Table 4 Performance of the sodium-doped silica catalyst (Na2O/SiO2, 1[thin space (1/6-em)]:[thin space (1/6-em)]20 molar ratio) in the gas phase dehydration of commercial N-(2-hydroxyethyl)-2-pyrrolidone at different conditions (Cond.: 90 vol% N2, 10 vol% substrate in gas flow, 1.0 g catalyst 180–250 μm mesh)
Temperature [°C] WHSVa [h−1] Conversion [mol mol−1] Y (NVP) [mol mol−1] Y (2-pyrrolidone) [mol mol−1]
a Weight hourly space velocity on a gsubstrate gcatalyst−1 basis.
350 1.2 1.00 0.83 0.16
350 2.4 0.99 0.95 0.03
350 3.6 0.89 0.86 0.01
400 1.2 1.00 0.78 0.15
400 2.4 1.00 0.93 0.05
400 3.6 1.00 0.96 0.02


Further tests concern the applicability of the same catalyst and process conditions to the dehydration of methyl-N-(2-hydroxyethyl)-2-pyrrolidones, which are obtained by the conversion of itaconic and methylsuccinic acids. To satisfy the need for relatively large substrate quantities in order to operate the continuous setup, 3-methyl-N-(2-hydroxyethyl)-2-pyrrolidone was synthesized by thermally reacting 3-methyl-γ-buytrolactone and ethanolamine (see ESI). The desired product (≥95% NMR, see Fig. S7) is obtained after vacuum distillation. Subsequent gas phase dehydration on the continuously operated setup yields 75 mol% of 3-methyl-N-vinyl-2-pyrrolidone at previously optimized conditions (WHSV = 2.4 gsubstrate gcat−1 h−1 and T = 350 °C). Since the main by-product is 3-methyl-2-pyrrolidone, a reduction in residence time through an increase in substrate flow rate (WHSV = 3.6 gsubstrate gcat−1 h−1) increases yields to 90 mol% of vinylpyrrolidone. Overall, the setup was operated continuously for 7 h converting 20 gsubstrate gcatalyst−1 (see Fig. S10). The collected product mixture was vacuum distilled leading to the facile separation of 3-methyl-N-vinyl-2-pyrrolidone (≥95% NMR, see Fig. S8), which may be used for polymer synthesis. It thus appears that an industrial process could make use of rather simple and efficient separation techniques.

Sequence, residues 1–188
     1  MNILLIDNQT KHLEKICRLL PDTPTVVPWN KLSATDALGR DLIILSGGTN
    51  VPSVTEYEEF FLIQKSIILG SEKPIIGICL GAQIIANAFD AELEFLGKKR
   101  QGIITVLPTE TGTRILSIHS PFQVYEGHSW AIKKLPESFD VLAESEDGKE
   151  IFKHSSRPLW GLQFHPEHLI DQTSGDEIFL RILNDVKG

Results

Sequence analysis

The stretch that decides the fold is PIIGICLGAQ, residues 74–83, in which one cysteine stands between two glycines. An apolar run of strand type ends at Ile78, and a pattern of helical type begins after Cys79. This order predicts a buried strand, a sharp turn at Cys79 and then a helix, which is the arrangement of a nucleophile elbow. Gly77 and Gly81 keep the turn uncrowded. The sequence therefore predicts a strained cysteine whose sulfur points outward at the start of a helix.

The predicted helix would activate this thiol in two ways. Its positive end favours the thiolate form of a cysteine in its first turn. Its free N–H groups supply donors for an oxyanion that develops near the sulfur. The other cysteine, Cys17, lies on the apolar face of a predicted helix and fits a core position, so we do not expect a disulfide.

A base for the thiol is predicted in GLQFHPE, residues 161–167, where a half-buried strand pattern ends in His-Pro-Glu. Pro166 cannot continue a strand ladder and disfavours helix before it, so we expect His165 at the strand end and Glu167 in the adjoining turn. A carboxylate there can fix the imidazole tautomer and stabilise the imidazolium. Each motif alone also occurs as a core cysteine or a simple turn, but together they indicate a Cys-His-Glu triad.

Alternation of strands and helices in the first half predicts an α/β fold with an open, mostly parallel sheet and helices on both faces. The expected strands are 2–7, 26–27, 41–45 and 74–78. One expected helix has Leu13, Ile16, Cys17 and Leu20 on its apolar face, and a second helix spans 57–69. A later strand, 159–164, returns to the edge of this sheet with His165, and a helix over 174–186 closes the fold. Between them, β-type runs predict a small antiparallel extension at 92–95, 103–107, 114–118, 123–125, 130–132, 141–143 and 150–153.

Conclusions

The reaction network for the reductive amidation of dicarboxylic acids with ethanolamine has been elucidated, clearly showing the rate-determining nature of the hydrogenation step. Based thereon, the challenge of this transformation lies in (i) the low reducibility of the intermediate imide functionality and (ii) the possibility for over-reduction, e.g. of the hydroxyl-substituent introduced with ethanolamine. Ru/C stands out from the set of common reduction catalysts tested herein, due to its ability to activate not only H2, but also C[double bond, length as m-dash]O bonds. It could be shown that, using optimal process conditions, the reductive amidation of succinic and itaconic acid can yield up to 75 mol% of valuable products. In order to conclude the sustainable value chain leading from biogenic acids to monomers, N-(2-hydroxyethyl)-2-pyrrolidones were dehydrated in a continuous gas phase reactor leading to NVP monomers. With water as the only by-product and the use of solid catalysts, this process shows promise to overcome the drawbacks of fossil-based NVP production. The achievable yield of NVP from succinic acid over the whole two-step process is above 72 mol% and could be further optimized by the design of improved chemoselective catalysts for reductive amidation. As a potential for future research, it is noted that the applied Ru/C catalyst requires long reaction times to achieve high conversion and product yield. It would thus be interesting to develop alternative materials with a more pronounced ability to activate C[double bond, length as m-dash]O bonds. Investigations in this direction are ongoing.

Conflicts of interest

There are no conflicts to declare.

Acknowledgements

We thank the German Federal Ministry of Education and Research (BMBF) for funding of the projects BioPyrr and BioPVP (FKZ IBÖ-03 031B0249 and 031B0487 A) in the framework of “New Products for the Bioeconomy” (Neue Produkte für die Bioökonomie). Furthermore, Mr Haus likes to thank the German Chemical Industry Fund (Fonds der chemischen Industrie, FCI) for the generous support of his PhD project. Lastly, Saint-Gobain NorPro is acknowledged for providing the catalyst support materials mentioned above.

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Footnote

Electronic supplementary information (ESI) available. See DOI: 10.1039/c9gc01488h